What if the Japanese had been told what lay in store for them?  Would they have stubbornly insisted on continuing to fight, regardless of the costs?  Probably not: even before the atomic bombs were dropped, about half the Japanese cabinet favored surrender.

Would this have allowed Japanese militarists to insist that Japan had not "really" been beaten?  Possibly, but that kind of person will make outrageous claims no matter what the facts may be.  The German perception that their armies had not lost World War I in the field had less to do with the rise of the Nazis than the terms of surrender and (above all) the Great Depression.

Americans have always had too great a tendency to deify our presidents, and FDR was an extreme example.  This often comes at a cost.  Let us pray that we never again consider the reputation of a president to be worth more than a hundred thousand civilian lives.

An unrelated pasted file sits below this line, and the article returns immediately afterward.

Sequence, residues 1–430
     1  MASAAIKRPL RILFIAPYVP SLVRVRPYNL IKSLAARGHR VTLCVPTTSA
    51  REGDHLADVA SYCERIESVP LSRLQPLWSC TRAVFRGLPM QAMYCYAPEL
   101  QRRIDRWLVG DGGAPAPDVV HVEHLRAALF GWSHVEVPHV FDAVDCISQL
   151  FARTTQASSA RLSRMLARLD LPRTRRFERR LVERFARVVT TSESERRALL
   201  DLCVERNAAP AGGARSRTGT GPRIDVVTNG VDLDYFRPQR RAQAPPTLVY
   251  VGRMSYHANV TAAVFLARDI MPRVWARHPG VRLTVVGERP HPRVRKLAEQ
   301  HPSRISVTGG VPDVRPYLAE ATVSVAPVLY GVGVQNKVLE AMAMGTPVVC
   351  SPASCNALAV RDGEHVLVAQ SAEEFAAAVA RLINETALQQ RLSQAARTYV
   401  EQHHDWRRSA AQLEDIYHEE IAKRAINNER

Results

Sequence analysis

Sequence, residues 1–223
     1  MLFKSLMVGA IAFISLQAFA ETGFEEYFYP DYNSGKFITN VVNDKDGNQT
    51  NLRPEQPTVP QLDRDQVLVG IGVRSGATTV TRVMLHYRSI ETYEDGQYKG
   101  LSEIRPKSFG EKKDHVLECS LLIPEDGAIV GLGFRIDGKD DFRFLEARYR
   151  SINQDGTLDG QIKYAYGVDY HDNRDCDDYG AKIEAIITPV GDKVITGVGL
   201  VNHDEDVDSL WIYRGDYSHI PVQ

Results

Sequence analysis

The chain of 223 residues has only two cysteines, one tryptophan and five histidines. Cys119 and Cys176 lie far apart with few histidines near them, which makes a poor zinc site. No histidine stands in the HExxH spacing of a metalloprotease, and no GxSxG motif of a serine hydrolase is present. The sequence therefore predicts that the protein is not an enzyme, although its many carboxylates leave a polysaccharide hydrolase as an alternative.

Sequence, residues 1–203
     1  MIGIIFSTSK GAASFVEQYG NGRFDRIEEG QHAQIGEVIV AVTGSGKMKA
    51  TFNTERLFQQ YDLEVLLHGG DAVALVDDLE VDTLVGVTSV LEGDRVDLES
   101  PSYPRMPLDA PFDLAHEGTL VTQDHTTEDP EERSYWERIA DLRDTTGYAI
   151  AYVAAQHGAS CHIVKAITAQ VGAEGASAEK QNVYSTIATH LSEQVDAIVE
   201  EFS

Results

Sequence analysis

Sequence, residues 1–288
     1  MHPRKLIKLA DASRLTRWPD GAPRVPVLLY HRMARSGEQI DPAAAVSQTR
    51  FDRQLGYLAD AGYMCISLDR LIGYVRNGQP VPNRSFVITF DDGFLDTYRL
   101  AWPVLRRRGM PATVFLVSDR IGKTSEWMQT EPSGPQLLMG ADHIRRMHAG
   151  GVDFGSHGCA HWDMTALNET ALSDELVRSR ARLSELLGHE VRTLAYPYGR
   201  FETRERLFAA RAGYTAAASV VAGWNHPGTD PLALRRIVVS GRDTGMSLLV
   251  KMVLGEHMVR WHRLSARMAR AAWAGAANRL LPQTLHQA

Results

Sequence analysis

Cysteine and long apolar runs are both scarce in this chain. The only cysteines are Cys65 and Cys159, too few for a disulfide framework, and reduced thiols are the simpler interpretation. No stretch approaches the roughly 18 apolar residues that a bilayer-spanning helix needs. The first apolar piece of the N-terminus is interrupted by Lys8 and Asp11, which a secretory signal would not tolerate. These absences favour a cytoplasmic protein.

Sunday, July 20, 2014

Hidden Bloodlines

I just stumbled across a rather interesting documentary that argues that Edward IV of England was illegitimate, and then proceeds to track down the "real" king of England, who was (he seems to have passed away, if the YouTube comments are to be trusted) "real people", as my family would say. 



I think this sort of thing must be very common.  After all, St. Joseph was a direct descendant of King David, yet he was a carpenter with no apparent social or political significance.  More generally, although a tiny percentage of people descended from prominent families are able to trace one line of ancestors back two thousand years or so, I suppose no one can trace back all his ancestors that far.